# 4. Low-level interface¶

FORCES Pro supports designing solvers and controllers via MATLAB and Python scripts. Regardless of the language used, a Simulink block is always created such that you can plug your advanced formulation directly into your simulation models, or download it to a real-time target platform.

The low-level interface gives advanced optimization users the full flexibility when designing custom optimization solvers and MPC controllers based on non-standard formulations.

## 4.1. Supported problem class¶

The FORCES Pro low-level interface supports the class of **convex multistage quadratically constrained programs (QCQPs)** of the form

for \(i=1,...,N\) and \(k=1,...,M\). To obtain a solver for this optimization program using the FORCES Pro client, you need to define all data in the problem, that is the matrices \(H_i\), \(A_i\), \(Q_{i,j}\), \(D_i\), \(C_i\) and the vectors \(\underline{z}_i\), \(\bar{z}_i\), \(b_i\), \(L_{i,k}\), \(r_{i,k}\), \(c_i\), in a MATLAB struct or Python dictionary, along with the corresponding dimensions. The following steps will take you through this process.

Note

FORCES Pro supports all problem data to be parametric, i.e. to be unknown at code generation time. Read Section 7 to learn how to use parameters correctly.

## 4.2. Expressing the optimization problem in MATLAB or Python¶

In the following, we describe how to model a problem of the above form with FORCES Pro. First make sure that the FORCES Pro client is on the MATLAB/Python path. See Section 2 for more details.

Python users first have to import the FORCES Pro module.

```
from forcespro import *
```

## 4.3. Multistage struct¶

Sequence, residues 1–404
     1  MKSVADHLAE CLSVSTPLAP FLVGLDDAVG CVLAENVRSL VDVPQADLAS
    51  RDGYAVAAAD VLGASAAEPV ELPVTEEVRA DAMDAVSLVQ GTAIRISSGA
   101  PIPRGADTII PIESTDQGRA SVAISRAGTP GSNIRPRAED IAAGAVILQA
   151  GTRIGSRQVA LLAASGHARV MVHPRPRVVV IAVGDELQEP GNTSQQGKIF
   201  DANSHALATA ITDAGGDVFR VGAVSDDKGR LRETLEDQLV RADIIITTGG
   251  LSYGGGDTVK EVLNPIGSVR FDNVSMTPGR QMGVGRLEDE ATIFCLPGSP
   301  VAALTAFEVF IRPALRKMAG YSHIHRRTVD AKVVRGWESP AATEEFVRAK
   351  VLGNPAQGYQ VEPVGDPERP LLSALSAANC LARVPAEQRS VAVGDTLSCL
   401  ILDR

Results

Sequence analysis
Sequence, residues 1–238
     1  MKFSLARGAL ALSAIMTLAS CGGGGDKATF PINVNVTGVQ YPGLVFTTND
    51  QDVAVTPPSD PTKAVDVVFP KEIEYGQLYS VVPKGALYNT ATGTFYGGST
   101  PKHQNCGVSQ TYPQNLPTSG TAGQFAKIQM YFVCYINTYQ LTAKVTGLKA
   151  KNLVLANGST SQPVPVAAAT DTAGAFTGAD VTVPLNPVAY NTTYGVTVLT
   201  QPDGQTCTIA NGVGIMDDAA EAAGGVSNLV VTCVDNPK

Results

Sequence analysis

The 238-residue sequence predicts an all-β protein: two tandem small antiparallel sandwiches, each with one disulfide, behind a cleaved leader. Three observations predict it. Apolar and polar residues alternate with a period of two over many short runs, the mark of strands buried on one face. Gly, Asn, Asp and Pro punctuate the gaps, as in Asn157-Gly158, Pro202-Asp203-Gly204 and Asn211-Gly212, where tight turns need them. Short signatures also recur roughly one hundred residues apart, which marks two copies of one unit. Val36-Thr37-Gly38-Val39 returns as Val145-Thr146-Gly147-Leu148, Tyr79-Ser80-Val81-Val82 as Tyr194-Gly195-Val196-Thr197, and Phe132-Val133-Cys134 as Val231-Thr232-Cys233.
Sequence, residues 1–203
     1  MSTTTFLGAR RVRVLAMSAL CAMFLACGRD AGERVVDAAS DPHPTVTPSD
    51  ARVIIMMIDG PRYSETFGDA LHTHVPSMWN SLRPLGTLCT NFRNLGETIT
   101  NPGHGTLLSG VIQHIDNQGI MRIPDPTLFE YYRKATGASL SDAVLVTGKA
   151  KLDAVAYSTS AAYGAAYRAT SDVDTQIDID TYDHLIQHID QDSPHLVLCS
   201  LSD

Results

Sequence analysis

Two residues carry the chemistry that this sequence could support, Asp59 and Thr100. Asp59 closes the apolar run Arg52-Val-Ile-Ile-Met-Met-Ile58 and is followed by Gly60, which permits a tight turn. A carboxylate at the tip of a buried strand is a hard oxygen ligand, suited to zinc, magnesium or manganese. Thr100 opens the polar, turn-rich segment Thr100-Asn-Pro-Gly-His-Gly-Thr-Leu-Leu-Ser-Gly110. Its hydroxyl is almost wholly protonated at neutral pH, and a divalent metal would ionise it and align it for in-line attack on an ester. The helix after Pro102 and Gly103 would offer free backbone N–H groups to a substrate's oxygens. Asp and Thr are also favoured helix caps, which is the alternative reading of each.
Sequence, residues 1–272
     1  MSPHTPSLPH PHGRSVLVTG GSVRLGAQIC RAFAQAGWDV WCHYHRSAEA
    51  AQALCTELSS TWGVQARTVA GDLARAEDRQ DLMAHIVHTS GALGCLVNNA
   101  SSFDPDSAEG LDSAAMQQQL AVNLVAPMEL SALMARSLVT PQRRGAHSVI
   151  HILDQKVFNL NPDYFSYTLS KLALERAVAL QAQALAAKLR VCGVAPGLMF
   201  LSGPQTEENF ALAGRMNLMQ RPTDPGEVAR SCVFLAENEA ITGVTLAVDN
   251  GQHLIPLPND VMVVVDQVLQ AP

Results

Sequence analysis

First, an empty struct/class has to be initialized, which contains all fields needed and initialises matrices and vectors to empty matrices. The command

```
stages = MultistageProblem(N);
```

creates such an empty structure/class of length \(N\). Once this structure/class has been created, the corresponding matrices, vectors and dimensions can be set for each element of stages.

## 4.4. Dimensions¶

In order to define the dimensions of the stage variables \(zi\), the number of lower and upper bounds, the number of polytopic inequality constraints and the number of quadratic constraints use the following fields:

```
stages(i).dims.n = ...; % length of stage variable zi
stages(i).dims.r = ...; % number of equality constraints
stages(i).dims.l = ...; % number of lower bounds
stages(i).dims.u = ...; % number of upper bounds
stages(i).dims.p = ...; % number of polytopic constraints
stages(i).dims.q = ...; % number of quadratic constraints
```

```
stages.dims[ i ]['n'] = ... # length of stage variable zi
stages.dims[ i ]['r'] = ... # number of equality constraints
stages.dims[ i ]['l'] = ... # number of lower bounds
stages.dims[ i ]['u'] = ... # number of upper bounds
stages.dims[ i ]['p'] = ... # number of polytopic constraints
stages.dims[ i ]['q'] = ... # number of quadratic constraints
```

## 4.5. Cost function¶

The cost function is, for each stage, defined by the matrix \(H_i\) and the vector \(f_i\). These can be set by

```
stages(i).cost.H = ...; % Hessian
stages(i).cost.f = ...; % linear term
```

```
stages.cost[i]['H'] = ... # Hessian
stages.cost[i]['f'] = ... # linear term
```

Note: whenever one of these terms is zero, you have to set them to zero (otherwise the default of an empty matrix is assumed, which is different from a zero matrix).

## 4.6. Equality constraints¶

The equality constraints for each stage, which are given by the matrices \(C_i\), \(D_i\) and the vector \(c_i\), have to be provided in the following form:

```
stages(i).eq.C = ...;
stages(i).eq.c = ...;
stages(i).eq.D = ...;
```

```
stages.eq[ i ]['C'] = ...
stages.eq[ i ]['c'] = ...
stages.eq[ i ]['D'] = ...
```

## 4.7. Lower and upper bounds¶